The video is at

Patterns of alcohol consumption may have an impact on dementia risk

“The Catholic Guide to Depression,” by Aaron Kheriaty, MD and Fr. John Cihak, STD.

Talented ... Philip Seymour Hoffman poses for a portrait at Sundance Film Festival in January. Picture: AP.

Talented … Philip Seymour Hoffman poses for a portrait at Sundance Film Festival in January. Picture: AP. Source: AP



The casket of Philip Seymour Hoffman leaves the Church of St Ignatius in Manhattan on Friday as family and friends mourned the loss of the talented actor

The casket of Philip Seymour Hoffman leaves the Church of St Ignatius in Manhattan as family and friends mourned the loss of the talented actor who died at age 46.

John Belushi

From left to right: Philip Seymour Hoffman; Cory Monteith; Lindsay Lohan and Heath Ledger

“Home Alone” star Macaulay Culkin. Many believe he is addicted to heroin.


Angry: Charlie is reportedly furious that his ex has fled rehab

Angry? Charlie Sheen

Alec Baldwin and a member of the paparazzi get into an altercation in New York City, outside of Grey Dog restaurant, in front of the actors wife, Hilaria, on Aug. 27, 2013. - Provided courtesy of Freddie Baez /

Alec Baldwin, paparazzi member scuffle in New York in front of Hilaria


The Number of Great Entertainers Felled by Drugs and Alcohol Is Staggering

Compiled by Peace and Freedom



Amy Winehouse predicted that she would join the ghostly ranks of the 27 Club
One of the greatest tragedies to strike previously was the death of Heath Ledger, who played the Joker in The Dark Knight. The actor was found dead in his Manhattan apartment in January 2008



Nearly one year after Whitney Houston‘s shocking death, her mom Cissy Houston often asks herself: “Could I have saved her somehow?”


Fallen star: Mindy McCready reached the peak of her career with her debut single 'Ten Thousand Angels' in 1996


File:Amy Winehouse - Rehab.jpg


John Belushi

Jim Morrison

Marilyn Monroe

“Stars” that died of drugs and alcohol:




Brain problems: Junior Seau experienced insomnia and other symptoms of brain trauma after retiring from the NFL - he committed suicide by shooting himself in the chest so his brain could be studied.


Brain problems: Junior Seau experienced insomnia and  other symptoms of brain trauma after retiring from the NFL – he committed  suicide by shooting himself in the chest so his brain could be studied

United Nations have called for a balanced approach to illegal drug problems by putting people first through care for health and human rights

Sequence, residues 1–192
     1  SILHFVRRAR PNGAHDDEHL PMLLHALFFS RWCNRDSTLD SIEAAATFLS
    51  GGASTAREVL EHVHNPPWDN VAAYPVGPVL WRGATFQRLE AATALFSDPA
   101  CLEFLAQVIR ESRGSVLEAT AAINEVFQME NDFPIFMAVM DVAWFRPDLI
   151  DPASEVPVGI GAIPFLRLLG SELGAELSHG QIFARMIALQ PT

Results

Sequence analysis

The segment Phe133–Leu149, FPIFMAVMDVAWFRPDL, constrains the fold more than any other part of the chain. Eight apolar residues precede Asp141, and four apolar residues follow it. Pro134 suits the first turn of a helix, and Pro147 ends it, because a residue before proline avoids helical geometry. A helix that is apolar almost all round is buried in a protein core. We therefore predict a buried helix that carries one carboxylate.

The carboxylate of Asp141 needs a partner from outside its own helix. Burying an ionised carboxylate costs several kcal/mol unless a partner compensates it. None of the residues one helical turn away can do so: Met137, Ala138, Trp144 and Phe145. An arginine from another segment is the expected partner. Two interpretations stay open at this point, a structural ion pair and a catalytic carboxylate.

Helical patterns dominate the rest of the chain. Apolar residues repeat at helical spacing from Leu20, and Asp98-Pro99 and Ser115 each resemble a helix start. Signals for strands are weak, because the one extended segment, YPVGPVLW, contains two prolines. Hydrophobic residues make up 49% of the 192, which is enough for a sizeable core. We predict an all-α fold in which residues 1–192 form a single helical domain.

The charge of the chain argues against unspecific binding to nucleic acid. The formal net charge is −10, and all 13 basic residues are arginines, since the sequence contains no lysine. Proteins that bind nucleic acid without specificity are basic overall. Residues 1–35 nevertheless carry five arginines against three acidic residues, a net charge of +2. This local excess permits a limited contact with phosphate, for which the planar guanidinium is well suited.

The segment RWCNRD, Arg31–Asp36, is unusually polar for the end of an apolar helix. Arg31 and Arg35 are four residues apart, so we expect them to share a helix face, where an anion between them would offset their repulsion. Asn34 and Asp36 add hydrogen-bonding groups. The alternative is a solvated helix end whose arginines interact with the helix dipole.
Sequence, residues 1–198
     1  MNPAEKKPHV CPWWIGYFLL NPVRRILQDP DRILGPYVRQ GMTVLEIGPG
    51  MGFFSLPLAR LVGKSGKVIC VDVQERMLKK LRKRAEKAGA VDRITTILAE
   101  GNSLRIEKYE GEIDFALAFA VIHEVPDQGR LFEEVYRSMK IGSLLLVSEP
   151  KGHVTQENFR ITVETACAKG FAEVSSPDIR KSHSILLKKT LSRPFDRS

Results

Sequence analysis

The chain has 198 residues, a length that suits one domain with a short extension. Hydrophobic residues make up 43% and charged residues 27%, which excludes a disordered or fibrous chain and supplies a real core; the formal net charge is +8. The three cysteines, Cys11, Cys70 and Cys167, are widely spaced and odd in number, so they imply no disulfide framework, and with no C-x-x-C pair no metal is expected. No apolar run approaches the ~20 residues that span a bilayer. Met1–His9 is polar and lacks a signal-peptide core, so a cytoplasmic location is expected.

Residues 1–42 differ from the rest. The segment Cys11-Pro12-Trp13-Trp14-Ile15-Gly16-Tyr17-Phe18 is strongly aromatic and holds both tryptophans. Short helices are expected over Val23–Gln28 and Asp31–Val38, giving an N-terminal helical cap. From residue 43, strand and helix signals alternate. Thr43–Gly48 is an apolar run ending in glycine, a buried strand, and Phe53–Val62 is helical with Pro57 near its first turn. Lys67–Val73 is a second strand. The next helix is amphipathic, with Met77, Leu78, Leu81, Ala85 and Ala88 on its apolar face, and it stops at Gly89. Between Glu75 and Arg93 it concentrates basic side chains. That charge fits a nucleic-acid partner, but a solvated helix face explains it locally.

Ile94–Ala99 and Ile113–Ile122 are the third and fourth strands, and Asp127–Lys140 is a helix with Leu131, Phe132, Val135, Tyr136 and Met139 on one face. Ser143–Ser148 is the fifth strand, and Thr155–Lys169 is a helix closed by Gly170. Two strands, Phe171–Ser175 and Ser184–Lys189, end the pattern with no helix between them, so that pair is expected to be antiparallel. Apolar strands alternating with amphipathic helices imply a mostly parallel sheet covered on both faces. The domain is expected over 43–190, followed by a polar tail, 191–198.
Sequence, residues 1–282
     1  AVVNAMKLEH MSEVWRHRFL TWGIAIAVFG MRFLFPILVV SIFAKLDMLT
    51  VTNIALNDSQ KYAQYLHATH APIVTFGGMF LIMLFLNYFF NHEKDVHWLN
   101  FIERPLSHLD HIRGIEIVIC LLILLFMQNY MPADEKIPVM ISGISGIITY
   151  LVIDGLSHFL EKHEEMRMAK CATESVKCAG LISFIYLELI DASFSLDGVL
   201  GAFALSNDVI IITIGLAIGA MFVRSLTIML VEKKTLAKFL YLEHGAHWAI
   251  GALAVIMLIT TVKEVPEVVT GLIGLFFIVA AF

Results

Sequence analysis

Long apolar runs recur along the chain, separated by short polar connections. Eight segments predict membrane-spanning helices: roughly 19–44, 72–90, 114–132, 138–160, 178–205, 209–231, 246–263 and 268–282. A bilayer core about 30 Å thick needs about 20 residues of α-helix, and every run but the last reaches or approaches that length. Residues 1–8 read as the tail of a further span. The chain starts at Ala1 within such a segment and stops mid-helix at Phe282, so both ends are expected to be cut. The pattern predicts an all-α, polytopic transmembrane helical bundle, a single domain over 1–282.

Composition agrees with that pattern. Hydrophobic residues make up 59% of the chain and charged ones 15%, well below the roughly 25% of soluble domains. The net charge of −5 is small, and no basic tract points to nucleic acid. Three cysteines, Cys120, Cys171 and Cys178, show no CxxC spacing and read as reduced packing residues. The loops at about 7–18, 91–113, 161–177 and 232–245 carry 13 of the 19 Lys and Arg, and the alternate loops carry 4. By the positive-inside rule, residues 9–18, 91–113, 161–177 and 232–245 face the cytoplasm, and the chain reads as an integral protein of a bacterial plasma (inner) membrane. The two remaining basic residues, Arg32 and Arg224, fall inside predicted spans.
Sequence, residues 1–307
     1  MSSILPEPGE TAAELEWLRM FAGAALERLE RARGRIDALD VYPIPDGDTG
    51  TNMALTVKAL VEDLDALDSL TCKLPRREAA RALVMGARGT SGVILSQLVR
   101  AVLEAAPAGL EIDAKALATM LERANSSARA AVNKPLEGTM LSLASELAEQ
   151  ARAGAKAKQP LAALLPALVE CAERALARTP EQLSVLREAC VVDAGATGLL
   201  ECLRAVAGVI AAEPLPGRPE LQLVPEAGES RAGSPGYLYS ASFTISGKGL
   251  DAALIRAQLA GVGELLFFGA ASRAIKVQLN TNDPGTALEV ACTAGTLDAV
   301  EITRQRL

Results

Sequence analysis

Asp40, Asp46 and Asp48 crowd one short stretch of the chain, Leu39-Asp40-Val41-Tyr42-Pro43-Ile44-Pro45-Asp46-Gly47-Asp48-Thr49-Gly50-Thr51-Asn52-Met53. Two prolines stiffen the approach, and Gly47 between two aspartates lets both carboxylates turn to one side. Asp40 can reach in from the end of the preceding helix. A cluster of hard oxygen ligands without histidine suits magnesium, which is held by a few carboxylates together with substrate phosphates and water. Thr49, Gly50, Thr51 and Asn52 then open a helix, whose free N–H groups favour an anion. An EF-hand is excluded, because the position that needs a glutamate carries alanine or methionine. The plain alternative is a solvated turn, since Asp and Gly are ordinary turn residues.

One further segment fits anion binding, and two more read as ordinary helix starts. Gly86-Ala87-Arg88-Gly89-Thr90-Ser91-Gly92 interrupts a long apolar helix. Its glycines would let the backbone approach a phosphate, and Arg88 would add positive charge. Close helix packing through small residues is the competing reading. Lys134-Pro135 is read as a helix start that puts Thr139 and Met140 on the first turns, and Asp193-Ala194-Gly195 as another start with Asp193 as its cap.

January 1, 2018
At a joint training program on “Regional Law Enforcement in New Psychoactive Substances” in Singapore, the UN Office on Drugs and Crime said officials from 11 Southeast Asian and Pacific Island countries made the call that reaffirms the emphasis on health and welfare of humankind as the founding purpose of international drug conventions. UN/Released

MANILA, Philippines — Member-states of the United Nations have called for a balanced approach to the world problem on drugs by putting people first through approaches that attend to health and human rights, and promote the safety and security of all societies.

At a joint training program on “Regional Law Enforcement in New Psychoactive Substances” in Singapore, the UN Office on Drugs and Crime (UNODC) said officials from 11 Southeast Asian and Pacific Island countries made the call that reaffirms the emphasis on health and welfare of humankind as the founding purpose of international drug conventions.

Singapore and UNODC teamed up for a pilot initiative to combat the growing and global challenges posed by new psychoactive substances. It is aimed at helping developing countries in the region achieve development goals, including the 2030 Agenda for Sustainable Development.

It also supports the implementation of the relevant operational recommendations outlined in the Outcome Document of the 2016 UN General Assembly Special Session on the World Drug Problem, which called for member states to adopt measures to address the challenges posed by new psychoactive substances (NPS).

“Let us be clear, the threat of NPS is very real. NPS, including fentanyl analogues, continue to multiply and evolve. Fentanyl analogues, for example, are helping to fuel tragic increases in opioid overdoses,” said UNODC executive director Yury Fedotov.

During the training, experts and law enforcement practitioners from Singapore, the US Drug Enforcement Administration and Australian Federal Police shared their expertise on legislative responses, forensic identification, field detection, enforcement and diversion of precursor chemicals.